Poor selections include, "The Battle Hymn of the Republic" (a stirring song, but a "best" poem?), Basho's "An Old Pond" (there are better English renditions than the one given, for example, "In the old stone pool/a frogjump:/splishhhh." Pockell gives, "Old pond-/A frog leaps in-/Water's sound."; and Basho wrote many better haiku), "Casey at the Bat" (uh...never mind), and several others that I fear to name. Also to choose out of all of Alexander Pope's work, his epigram about the dog at Kew, seems almost anti-poetic.
A howler is "Ancient Music" by Ezra Pound. If Pockell wanted to show the less than charming side of Pound, perhaps Pound's "The Garden" which includes the line, "...the filthy, sturdy, unkillable infants of the very poor" might have been presented. (Then again, perhaps not.)
A creative choice is e e cummings's "Buffalo Bill's," which reflects not only cummings's love of typographical form, but his playful wit along with his famous word play and his often missed irony. (The typographical form of the poem represents a tomahawk: "[H]ow...[DO] you like your blueeyed boy[,] Mister Death"?)
Langston Hughes's "Harlem" ("What happens to a dream deferred?") is obviously a politically correct choice, and also a very good little poem, but I would have preferred his "Mother to Son" ("Well, son, I'll tell you:/Life for me ain't been no crystal stair...") or the breath-taking simplicity of "Friend." Sylvia Plath's dark and brutal "Daddy" is also PC, but with its inclusion there is no need for Margaret Atwood, a fact for which we can be thankful. The choice from Sappho, with its nice turn from "a god" that sits "beside you" to the poet herself, is of course de rigueur, but a good choice nonetheless.
Pleasant surprises include W. H. Auden's "Funeral Blues," and Pablo Neruda's "Poetry." Some old favorites are Matthew Arnold's "Dover Beach," Wordsworth's "The World Is Too Much with Us," and the powerful "Incident" from Countee Cullen.
It is good that Pockell includes some poetry translated from other languages; however that just makes the presumption of her title all the more absurd. Just how would one presume to pick the best from such an incredible array? However, the choices made really are very good although they reflect the artistry of the translator nearly as much as the original poet. Middle Eastern people might object to the choice of a quatrain from "The Rubaiyat of Omar Khayyam" ("The Moving Finger writes...") translated by Edward FitzGerald, which is almost as much English as it is Persian, preferring a more ethnic rendition.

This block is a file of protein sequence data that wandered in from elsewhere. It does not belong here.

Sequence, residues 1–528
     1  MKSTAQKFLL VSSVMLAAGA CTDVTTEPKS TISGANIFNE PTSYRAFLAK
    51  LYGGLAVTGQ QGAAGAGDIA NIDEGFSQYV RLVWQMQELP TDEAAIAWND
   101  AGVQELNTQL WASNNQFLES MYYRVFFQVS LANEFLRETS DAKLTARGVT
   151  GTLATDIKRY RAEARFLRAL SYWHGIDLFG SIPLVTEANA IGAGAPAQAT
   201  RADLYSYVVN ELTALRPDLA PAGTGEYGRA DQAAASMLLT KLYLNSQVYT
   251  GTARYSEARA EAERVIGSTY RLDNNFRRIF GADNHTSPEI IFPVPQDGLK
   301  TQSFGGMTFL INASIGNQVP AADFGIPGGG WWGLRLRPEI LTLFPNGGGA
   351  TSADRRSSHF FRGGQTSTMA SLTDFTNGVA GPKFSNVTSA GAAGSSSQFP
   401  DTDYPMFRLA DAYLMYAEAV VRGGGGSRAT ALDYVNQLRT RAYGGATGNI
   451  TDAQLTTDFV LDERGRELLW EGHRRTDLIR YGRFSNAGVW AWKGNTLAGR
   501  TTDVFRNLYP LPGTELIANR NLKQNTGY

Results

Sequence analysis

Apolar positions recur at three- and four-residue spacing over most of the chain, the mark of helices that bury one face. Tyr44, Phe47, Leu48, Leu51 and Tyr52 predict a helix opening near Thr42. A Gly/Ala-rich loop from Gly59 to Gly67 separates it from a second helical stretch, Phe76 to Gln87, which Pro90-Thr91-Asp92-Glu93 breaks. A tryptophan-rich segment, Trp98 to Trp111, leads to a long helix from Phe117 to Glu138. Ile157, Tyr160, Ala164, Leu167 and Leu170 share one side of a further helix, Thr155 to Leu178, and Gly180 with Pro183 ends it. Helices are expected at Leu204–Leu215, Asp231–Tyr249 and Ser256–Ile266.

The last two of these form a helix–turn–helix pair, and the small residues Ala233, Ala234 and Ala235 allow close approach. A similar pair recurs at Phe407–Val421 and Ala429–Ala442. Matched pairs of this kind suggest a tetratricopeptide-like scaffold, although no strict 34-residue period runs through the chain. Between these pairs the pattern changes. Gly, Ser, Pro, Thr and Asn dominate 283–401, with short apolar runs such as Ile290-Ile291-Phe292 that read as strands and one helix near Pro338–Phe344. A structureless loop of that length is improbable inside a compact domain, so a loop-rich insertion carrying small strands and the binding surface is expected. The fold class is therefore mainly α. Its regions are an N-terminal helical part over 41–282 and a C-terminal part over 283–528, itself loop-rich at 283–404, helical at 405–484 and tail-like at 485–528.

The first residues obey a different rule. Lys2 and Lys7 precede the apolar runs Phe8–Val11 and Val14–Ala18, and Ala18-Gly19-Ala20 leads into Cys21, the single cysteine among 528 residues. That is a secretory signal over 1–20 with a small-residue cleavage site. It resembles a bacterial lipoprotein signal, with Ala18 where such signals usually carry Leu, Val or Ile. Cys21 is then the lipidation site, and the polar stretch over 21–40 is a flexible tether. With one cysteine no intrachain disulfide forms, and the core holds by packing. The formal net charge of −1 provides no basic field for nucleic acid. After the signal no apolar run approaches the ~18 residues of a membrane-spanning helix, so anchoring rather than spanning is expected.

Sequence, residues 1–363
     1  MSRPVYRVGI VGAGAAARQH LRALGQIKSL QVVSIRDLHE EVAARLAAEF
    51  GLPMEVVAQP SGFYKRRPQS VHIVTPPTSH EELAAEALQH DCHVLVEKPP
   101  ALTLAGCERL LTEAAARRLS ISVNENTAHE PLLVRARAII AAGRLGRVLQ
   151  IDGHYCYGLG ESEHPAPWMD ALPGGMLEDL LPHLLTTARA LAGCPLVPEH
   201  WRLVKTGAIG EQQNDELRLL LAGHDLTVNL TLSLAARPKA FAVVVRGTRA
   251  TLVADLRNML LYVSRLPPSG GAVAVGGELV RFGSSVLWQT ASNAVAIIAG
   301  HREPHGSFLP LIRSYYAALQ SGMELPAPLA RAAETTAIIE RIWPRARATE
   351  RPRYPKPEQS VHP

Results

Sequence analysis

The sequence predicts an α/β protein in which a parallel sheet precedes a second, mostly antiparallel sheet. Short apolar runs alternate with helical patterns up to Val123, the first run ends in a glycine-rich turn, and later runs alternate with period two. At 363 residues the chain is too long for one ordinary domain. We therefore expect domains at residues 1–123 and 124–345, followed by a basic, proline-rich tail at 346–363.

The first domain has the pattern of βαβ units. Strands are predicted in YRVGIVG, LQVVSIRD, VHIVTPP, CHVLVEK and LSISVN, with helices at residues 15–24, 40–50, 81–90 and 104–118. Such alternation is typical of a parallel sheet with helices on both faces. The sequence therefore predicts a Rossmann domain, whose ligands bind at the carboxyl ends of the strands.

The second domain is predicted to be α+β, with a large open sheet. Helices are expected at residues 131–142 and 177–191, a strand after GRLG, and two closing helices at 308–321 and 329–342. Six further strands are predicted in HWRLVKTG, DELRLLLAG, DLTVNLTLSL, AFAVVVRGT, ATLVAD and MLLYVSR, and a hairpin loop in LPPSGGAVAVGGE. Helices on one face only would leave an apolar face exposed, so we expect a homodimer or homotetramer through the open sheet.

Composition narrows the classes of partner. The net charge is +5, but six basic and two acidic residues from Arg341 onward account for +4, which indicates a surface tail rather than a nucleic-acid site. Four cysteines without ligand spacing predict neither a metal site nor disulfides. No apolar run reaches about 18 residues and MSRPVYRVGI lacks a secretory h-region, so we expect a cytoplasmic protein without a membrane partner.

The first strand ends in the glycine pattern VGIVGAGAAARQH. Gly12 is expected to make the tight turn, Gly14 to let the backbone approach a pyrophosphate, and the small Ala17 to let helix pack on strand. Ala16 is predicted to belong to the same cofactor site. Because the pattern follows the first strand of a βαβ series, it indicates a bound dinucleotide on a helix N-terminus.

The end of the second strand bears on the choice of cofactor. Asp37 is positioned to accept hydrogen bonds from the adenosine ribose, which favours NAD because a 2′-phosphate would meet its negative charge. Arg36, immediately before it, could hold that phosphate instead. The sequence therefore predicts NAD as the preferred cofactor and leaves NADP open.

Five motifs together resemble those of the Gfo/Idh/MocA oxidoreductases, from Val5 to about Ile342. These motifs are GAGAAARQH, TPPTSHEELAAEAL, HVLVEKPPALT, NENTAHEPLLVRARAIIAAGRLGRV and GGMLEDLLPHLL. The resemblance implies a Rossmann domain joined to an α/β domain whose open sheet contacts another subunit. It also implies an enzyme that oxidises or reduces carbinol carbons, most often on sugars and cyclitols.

I can't quibble with the poets left out, although missing are John Crow Ransom, Archibald MacLeish, Theodore Roethke, Gwendolyn Brooks, Robert Lowell, Rita Dove, Lawrence Ferlinghetti, and of course of necessity many others. One of my favorite poems and poet not to appear is "Patterns" by Amy Lowell.
Pockell gives a terse, but felicitous introduction to each poem usually including a word about the poet. But I have one question, who is Leslie Pockell? There is not a biographical word anywhere in the book to give a hint. And should I have used a masculine or a feminine pronoun?
Kirinaya Kirinaya
This book is wonderful! I'm a student, that loves literature and poetry, so I decided to buy this at my local bookstore. I like to collect poetry collections, and this one seemed perfect. As soon as I read the first few poems, I fell in love with it.
Several of my favorite poems are in this book, such as "The Highwayman" by Alred Noyes, "The raven" by Edgar Allan Poe, "Still I rise" by Maya Angelou and also "Lake Isle of Innisfree" by William Butler Yeats. This delightful collection also had my Fifth Grade favorite- "Paul Revere's Ride" by Henry Wadsworth Longfellow. I was thrilled.
I also found many new soon-to-be favorites such as "Tyger!Tyger!" by William Blake and "First Fig" by Edna St. Vincent Mallay.

I was a little annoyed when someone who reviewed this book said that it didn't say when it was jsut part of a poem. It does- It says "From" before the title of thepoem, to subtly let the reader know that it's not the whole thing. The reviewer must not have have read this book carefully, if he/she did not catch it.

I would reccommend this book to any lovers of poetry, or even first-timers. It's extra-helpful because of the index of both titles and authors, and also the first line of the poem! It really is a wonderful collection.
Jogas Jogas
This book includes a good sampling of poetry and can easily help you find authors that you may like, and types of poetry.
I liked this so much I have ordered a copy of the book for EACH of my four grandchildren. A really good book to have in the family.